The University of Louisville Kornhauser Health Sciences Library is starting a yearlong celebration of its 175th anniversary with an exhibit on the original 1818 story of Frankenstein and related talks to explore biomedical advances that challenge people’s traditional understanding of what it means to be human.

“Frankenstein: Penetrating the Secrets of Nature,” a panel exhibit from the National Library of Medicine, will open Feb. 15 at the library, 500 S. Preston St., and run through March 21.

The exhibit centers on Mary Shelley’s 1818 novel, “Frankenstein; or The Modern Prometheus.” It focuses on the author and the story’s different presentations since the original book’s publication. It also explores how the monster often provides a framework for discussion of biomedical advances that challenge people’s traditional understanding of what it means to be human.

Karen Hadley, associate professor of English, will talk about Shelley at the opening reception, Friday, Feb. 17, 3 p.m.-5 p.m., in the Kornhauser Library History Room. Hers is the first of five talks Kornhauser has put together to complement the exhibit. Here’s the rest of the schedule:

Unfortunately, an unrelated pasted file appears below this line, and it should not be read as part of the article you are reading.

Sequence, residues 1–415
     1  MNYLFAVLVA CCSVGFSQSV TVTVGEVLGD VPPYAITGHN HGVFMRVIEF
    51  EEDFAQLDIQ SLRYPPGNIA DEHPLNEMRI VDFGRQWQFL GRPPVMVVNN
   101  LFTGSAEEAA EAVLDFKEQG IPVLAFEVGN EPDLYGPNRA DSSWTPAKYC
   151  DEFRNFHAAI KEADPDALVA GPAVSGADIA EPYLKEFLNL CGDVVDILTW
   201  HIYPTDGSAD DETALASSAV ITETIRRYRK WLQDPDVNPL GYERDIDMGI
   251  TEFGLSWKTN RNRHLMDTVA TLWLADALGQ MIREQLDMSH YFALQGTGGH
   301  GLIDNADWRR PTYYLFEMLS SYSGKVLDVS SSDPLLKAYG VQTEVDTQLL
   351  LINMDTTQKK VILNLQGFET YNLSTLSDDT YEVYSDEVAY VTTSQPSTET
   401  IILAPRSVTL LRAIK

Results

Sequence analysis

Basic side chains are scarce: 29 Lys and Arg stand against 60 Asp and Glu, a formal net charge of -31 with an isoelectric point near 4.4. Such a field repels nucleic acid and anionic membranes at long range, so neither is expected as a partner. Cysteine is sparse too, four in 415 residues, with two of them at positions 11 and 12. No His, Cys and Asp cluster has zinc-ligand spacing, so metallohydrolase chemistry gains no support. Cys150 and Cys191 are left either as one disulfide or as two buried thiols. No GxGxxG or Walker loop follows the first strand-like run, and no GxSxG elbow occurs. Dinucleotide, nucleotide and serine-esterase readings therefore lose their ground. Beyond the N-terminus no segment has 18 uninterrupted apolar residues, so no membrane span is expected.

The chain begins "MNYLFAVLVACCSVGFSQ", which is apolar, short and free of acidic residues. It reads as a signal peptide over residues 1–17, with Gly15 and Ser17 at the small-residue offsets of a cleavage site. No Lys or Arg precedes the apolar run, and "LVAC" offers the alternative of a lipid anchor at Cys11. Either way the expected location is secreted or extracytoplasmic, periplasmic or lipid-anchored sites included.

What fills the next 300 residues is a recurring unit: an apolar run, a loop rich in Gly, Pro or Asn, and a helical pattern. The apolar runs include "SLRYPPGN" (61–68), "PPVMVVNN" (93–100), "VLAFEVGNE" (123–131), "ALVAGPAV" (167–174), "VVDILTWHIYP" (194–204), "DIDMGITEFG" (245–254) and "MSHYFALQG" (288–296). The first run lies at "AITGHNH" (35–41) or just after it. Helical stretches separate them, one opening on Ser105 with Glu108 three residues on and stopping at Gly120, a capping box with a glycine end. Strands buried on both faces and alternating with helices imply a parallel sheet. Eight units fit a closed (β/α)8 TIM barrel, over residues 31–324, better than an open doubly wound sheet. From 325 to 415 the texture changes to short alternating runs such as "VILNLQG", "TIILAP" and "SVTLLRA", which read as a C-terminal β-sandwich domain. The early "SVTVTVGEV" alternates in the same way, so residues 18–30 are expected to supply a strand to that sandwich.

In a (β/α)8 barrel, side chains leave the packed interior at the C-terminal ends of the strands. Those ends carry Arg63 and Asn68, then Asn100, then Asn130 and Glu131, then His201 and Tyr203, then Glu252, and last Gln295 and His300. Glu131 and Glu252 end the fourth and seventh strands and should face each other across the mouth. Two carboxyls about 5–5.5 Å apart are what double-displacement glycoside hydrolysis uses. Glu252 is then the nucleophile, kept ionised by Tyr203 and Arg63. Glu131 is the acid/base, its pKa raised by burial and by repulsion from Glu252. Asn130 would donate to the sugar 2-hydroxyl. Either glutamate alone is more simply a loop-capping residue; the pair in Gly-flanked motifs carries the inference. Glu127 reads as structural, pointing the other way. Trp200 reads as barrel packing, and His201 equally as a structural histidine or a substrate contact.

• Feb. 24, noon, Kornhauser Library History Room. “Integrating Biology and Engineering for Medical Advancement,” Nolan Boyd, assistant professor, Cardiovascular Innovation Institute
  • March 2, noon, Kornhauser Auditorium. “The Poor, the Black and the Marginalized as a Source of Cadavers in U.S. Anatomical Education,” Edward Halperin, dean, School of Medicine
  • March 9, noon, Kornhauser Library History Room. “Because I’m Different: Social Rejection and Violence,” Lisa Gunterman, program coordinator, LGBT services
  • March 16, noon, Kornhauser Auditorium. “ Medical Ethics and Society,” Stephen Hanson, associate professor of philosophy

Admission to the exhibit and to the talks is free and open to the public. Seating is limited in the History Room and will be available on a first-come basis.

Also in conjunction with the exhibit, Kornhauser will show a series of free Frankenstein movies for UofL students, faculty and staff. Show times are 10 a.m., noon, 2 p.m. and 4 p.m. for the first three.

The library also will display original anatomy books dating to 1686 and facimile copies dating to the 15th century starting Feb. 20 and through the end of the Frankenstein exhibit.